In her latest cookbook, Deborah Madison, America’s leading authority on vegetarian cooking and author of Vegetarian Cooking for Everyone, reveals the surprising relationships between vegetables, edible flowers, and herbs within the same botanical families, and how understanding these connections can help home cooks see everyday vegetables in new light.
For over three decades, Deborah Madison has been at the vanguard of the vegetarian cooking movement, authoring classic books on the subject and emboldening millions of readers to cook simple, elegant, plant-based food.
This groundbreaking new cookbook is Madison’s crowning achievement: a celebration of the diversity of the plant kingdom, and an exploration of the fascinating relationships between vegetables, edible flowers, herbs, and familiar wild plants within the same botanical families.
Destined to become the new standard reference for cooking vegetables, Vegetable Literacy shows cooks that, because of their shared characteristics, vegetables within the same family can be used interchangeably in cooking. It presents an entirely new way of looking at vegetables, drawing on Madison’s deep knowledge of cooking, gardening, and botany. For example, knowing that dill, chervil, cumin, parsley, coriander, anise, lovage, and caraway come from the umbellifer family makes it clear why they’re such good matches for carrots, also a member of that family. With more than 300 classic and exquisitely simple recipes, Madison brings this wealth of information together in dishes that highlight a world of complementary flavors. Griddled Artichokes with Tarragon Mayonnaise, Tomato Soup and Cilantro with Black Quinoa, Tuscan Kale Salad with Slivered Brussels Sprouts and Sesame Dressing, Kohlrabi Slaw with Frizzy Mustard Greens, and Fresh Peas with Sage on Baked Ricotta showcase combinations that are simultaneously familiar and revelatory.
Inspiring improvisation in the kitchen and curiosity in the garden, Vegetable Literacy—an unparalleled look at culinary vegetables and plants—will forever change the way we eat and cook.
Featured Recipe from Vegetable Literacy: Ivory Carrot Soup with a Fine Dice of Orange Carrots
- 1 tablespoon butter
- 1 tablespoon olive oil
- 1 onion, thinly sliced
- 1 pound white carrots, scrubbed and thinly sliced
- 1 tablespoon raw white rice
- Sea salt
- 1/2 teaspoon sugar
- 1 thyme sprig
- 4 cups water or light chicken stock
- Few tablespoons finely diced orange carrots and/or other colored carrots
- Freshly ground pepper
- About 1 tablespoon minced fine green carrot tops
Warm the butter and oil in a soup pot and add the onion, white carrots, rice, 1 teaspoon salt, and the sugar and thyme. Cook over medium heat for several minutes, turning everything occasionally. Add 1 cup of the water, cover, turn down the heat, and cook while you heat the remaining 3 cups water. When the water is hot, add it to the pot, cover, and simmer until the vegetables are tender, about 20 minutes.
While the soup is cooking, cook the diced carrots in salted boiling water for about 3 minutes and then drain.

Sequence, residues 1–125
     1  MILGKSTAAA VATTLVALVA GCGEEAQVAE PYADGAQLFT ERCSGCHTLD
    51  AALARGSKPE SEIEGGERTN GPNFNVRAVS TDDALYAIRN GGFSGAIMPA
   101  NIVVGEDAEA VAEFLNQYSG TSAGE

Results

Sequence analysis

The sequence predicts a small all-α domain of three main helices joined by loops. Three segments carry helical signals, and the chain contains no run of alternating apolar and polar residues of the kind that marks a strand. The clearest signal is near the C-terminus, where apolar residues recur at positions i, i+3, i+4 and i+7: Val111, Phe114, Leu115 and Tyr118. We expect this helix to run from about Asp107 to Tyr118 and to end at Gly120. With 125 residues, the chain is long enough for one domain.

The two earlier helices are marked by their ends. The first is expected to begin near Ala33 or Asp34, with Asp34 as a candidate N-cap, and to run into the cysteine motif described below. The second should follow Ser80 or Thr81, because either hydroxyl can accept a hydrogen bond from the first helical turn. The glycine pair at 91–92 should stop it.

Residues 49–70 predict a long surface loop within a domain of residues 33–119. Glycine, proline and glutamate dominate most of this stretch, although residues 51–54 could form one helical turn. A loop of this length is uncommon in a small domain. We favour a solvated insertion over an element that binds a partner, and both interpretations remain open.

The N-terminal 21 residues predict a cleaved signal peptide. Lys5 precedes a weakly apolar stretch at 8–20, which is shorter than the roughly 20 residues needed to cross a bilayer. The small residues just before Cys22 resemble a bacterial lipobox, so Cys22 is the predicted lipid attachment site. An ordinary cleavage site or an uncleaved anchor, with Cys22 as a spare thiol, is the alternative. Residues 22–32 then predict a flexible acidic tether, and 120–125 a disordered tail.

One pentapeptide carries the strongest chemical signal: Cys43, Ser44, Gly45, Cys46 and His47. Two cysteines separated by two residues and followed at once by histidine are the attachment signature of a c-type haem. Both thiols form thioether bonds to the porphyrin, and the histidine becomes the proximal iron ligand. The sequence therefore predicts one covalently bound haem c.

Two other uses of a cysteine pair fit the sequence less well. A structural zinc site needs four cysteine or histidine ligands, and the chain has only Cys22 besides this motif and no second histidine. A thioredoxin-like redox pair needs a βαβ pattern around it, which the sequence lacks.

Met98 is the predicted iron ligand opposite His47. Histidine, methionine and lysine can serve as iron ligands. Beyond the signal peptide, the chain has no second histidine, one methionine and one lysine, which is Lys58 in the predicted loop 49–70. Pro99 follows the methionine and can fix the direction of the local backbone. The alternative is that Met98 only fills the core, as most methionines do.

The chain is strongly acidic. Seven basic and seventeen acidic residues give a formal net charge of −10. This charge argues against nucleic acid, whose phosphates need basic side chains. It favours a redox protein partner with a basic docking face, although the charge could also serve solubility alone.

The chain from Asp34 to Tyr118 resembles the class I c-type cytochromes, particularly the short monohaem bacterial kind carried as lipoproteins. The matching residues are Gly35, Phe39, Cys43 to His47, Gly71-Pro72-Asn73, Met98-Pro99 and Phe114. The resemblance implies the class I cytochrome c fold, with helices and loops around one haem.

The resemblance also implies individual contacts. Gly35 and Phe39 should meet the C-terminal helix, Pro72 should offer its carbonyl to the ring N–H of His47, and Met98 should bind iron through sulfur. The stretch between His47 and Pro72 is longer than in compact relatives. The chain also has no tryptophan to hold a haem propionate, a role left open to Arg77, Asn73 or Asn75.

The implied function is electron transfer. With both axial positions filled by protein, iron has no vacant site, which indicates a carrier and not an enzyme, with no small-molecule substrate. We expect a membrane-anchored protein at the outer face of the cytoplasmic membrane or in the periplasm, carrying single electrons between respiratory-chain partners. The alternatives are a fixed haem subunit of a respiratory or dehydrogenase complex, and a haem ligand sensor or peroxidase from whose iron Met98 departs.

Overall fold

When ready, let cool slightly, then remove and discard the thyme sprig. Puree the soup until smooth in a blender. Taste for salt and season with the pepper. Reheat if it has cooled.
Ladle the soup into bowls, scatter the diced carrots and carrot tops over each serving, and serve.
Featured Recipe from Vegetable Literacy: Peas with Baked Ricotta and Bread Crumbs
- Olive oil
- 1 cup high-quality ricotta cheese, such as hand-dipped full-fat ricotta
- 2 to 3 tablespoons fresh bread crumbs
- 4 teaspoons butter
- 2 large shallots or 1/2 small onion, finely diced (about 1/3 cup)
- 5 small sage leaves, minced (about 1 1/2 teaspoons)
- 1 1/2 pounds pod peas, shucked (about 1 cup)
- Grated zest of 1 lemon
- Sea salt and freshly ground pepper
- Chunk of Parmesan cheese, for grating
Heat the oven to 375°F. Lightly oil a small baking dish; a round Spanish earthenware dish about 6 inches across is perfect for this amount.
If your ricotta is wet and milky, drain it first by putting it in a colander and pressing out the excess liquid. Pack the ricotta into the dish, drizzle a little olive oil over the surface, and bake 20 minutes or until the cheese has begun to set and brown on top. Cover the surface with the bread crumbs and continue to bake until the bread crumbs are browned and crisp, another 10 minutes. (The amount of time it takes for ricotta cheese to bake until set can vary tremendously, so it may well take longer than the times given here, especially if it wasn’t drained.)
When the cheese is finished baking, heat the butter in a small skillet over medium heat. When the butter foams, add the shallots and sage and cook until softened, about 3 minutes. Add the peas, 1/2 cup water, and the lemon zest. Simmer until the peas are bright green and tender; the time will vary, but it should be 3 to 5 minutes. Whatever you do, don’t let them turn gray. Season with salt and a little freshly ground pepper, not too much.
Divide the ricotta between 2 plates. Spoon the peas over the cheese. Grate some Parmesan over all and enjoy while warm.
With Pasta: Cook 1 cup or so pasta shells in boiling, salted water. Drain and toss them with the peas, cooked as above, and then with the ricotta. The peas nestle in the pasta, like little green pearls.
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